New Abdominal Pain that’s diffuse, felt all over, or mainly around the belly-button (“periumbilical”) would not be due to the other localized conditions we’ve described so far in the other areas of the abdomen (unless the pain radiates to a telltale location, e.g. to Right shoulder might suggest Gallbladder Disease). So when abdominal pain is felt more generally, no real specific place, we wind up either diagnosing something benign that usually gets better on its own [in which case it doesn’t really matter if our diagnosis isn’t exact], or sending the patient to surgery. The possibilities are:
Possible Causes of Acute Generalized Abdominal Pain
|xxxxCommon & Benign |
• Gastritis / Dyspepsia
• Muscle Strain
|xxxxRare & Catastrophic |
• Bowel Obstruction
• Peritonitis / Ruptured Bowel
• Bowel Ischemia (loss of
• Aortic Aneurysm (ruptured)
• Strangulated Hernia
• Diabetic Ketoacidosis (DKA)
|xxxx Keep In Mind |
• Early Appendicitis
xxxShould NOT Diagnose
NOTE: If Vomiting or Diarrhea are more significant than “pain”, refer to those symptom topics
First Step — Rule-out catastrophes. These may be obvious, like with a patient who walks doubled-over, has a fever, and on exam the abdomen is extremely tender to palpation & feels as hard as a board. Such patients gain a trip to the ER, as do those in extreme pain, even if the abdomen isn’t so tender on exam.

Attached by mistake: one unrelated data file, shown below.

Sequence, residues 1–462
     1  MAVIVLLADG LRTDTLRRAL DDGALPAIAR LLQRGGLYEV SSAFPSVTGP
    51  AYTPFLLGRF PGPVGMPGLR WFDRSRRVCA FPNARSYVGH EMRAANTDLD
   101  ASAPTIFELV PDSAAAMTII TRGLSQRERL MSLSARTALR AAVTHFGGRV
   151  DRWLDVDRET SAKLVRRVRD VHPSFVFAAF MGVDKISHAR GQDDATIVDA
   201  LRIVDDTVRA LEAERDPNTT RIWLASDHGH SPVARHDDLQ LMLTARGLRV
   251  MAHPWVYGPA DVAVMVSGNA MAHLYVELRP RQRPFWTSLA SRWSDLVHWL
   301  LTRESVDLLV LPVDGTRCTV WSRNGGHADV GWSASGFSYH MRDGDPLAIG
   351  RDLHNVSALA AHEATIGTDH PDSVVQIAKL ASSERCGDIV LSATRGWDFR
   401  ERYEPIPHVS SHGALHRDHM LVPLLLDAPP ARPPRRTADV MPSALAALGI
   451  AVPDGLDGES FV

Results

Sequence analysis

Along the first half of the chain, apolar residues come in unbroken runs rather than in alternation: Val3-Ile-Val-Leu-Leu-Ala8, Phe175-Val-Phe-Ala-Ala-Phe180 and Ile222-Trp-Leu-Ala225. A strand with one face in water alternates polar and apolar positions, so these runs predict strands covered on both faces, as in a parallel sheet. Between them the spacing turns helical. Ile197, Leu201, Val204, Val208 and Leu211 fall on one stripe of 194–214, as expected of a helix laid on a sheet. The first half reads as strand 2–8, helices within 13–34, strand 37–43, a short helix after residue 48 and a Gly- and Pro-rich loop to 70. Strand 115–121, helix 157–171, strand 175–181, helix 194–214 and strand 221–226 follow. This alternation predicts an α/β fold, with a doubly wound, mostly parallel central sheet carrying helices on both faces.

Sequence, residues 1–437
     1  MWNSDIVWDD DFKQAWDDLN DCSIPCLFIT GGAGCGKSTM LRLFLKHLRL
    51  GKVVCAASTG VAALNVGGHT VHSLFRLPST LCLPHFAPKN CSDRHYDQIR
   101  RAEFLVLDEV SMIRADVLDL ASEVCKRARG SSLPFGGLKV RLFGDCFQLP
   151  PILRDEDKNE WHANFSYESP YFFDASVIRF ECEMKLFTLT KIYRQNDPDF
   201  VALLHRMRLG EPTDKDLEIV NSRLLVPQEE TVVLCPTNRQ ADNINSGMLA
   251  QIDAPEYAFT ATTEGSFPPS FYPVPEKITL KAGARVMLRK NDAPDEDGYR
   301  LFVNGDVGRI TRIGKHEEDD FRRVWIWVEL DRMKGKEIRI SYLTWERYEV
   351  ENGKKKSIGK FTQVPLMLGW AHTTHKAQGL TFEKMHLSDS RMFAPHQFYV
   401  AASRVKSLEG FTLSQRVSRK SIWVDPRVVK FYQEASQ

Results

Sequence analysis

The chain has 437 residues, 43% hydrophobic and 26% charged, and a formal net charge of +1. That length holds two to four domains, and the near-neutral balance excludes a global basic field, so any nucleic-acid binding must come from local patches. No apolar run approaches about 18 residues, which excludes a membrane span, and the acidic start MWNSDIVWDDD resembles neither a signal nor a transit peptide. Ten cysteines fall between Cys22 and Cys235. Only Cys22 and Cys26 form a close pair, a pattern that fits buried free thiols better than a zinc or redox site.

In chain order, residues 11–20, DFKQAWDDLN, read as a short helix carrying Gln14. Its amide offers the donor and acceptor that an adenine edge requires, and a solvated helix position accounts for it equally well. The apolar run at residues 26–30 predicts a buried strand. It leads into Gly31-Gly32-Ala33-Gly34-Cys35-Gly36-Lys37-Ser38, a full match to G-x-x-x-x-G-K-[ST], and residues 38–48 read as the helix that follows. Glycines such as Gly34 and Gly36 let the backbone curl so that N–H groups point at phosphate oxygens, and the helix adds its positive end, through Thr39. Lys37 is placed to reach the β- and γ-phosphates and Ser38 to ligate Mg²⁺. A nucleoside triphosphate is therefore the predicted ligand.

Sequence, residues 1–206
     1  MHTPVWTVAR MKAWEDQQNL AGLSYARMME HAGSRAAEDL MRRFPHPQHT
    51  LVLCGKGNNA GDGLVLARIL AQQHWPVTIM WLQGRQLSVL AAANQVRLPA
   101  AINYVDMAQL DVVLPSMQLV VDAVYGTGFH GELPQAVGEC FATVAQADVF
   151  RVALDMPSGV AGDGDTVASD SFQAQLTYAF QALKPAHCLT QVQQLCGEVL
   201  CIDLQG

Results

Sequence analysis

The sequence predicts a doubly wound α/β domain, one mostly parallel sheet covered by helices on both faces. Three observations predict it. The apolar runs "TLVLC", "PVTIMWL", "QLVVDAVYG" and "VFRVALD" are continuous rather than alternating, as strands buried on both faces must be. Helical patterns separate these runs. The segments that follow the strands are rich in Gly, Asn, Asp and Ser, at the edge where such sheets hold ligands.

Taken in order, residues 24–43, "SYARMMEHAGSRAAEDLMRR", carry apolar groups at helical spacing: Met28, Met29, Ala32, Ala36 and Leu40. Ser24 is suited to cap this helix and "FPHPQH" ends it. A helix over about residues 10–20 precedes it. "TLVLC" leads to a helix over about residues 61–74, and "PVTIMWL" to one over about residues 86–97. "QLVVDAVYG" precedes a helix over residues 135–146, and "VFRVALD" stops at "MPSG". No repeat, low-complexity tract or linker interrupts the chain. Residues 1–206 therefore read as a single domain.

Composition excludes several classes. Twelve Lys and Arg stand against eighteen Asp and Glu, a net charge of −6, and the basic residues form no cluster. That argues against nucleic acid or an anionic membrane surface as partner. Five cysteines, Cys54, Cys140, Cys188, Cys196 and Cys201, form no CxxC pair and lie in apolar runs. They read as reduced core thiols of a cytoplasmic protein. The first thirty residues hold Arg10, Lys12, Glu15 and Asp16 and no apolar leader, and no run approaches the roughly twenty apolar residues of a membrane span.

The rest of this discussion deals with the subtle, early presentations of catastrophic illness, which are more interesting and difficult.
** Bowel Obstruction may occur in patients who’d had any sort of previous abdominal surgery or radiation treatment (not just CT scans). Scars, called “adhesions,” cause either the large or small intestine to knot up. Without treatment, infection can occur, especially if the bowel ruptures; then the person can get septic (“blood poisoning”) and die. Sometimes bowel obstructions are due to conditions like undiagnosed Colon Cancer.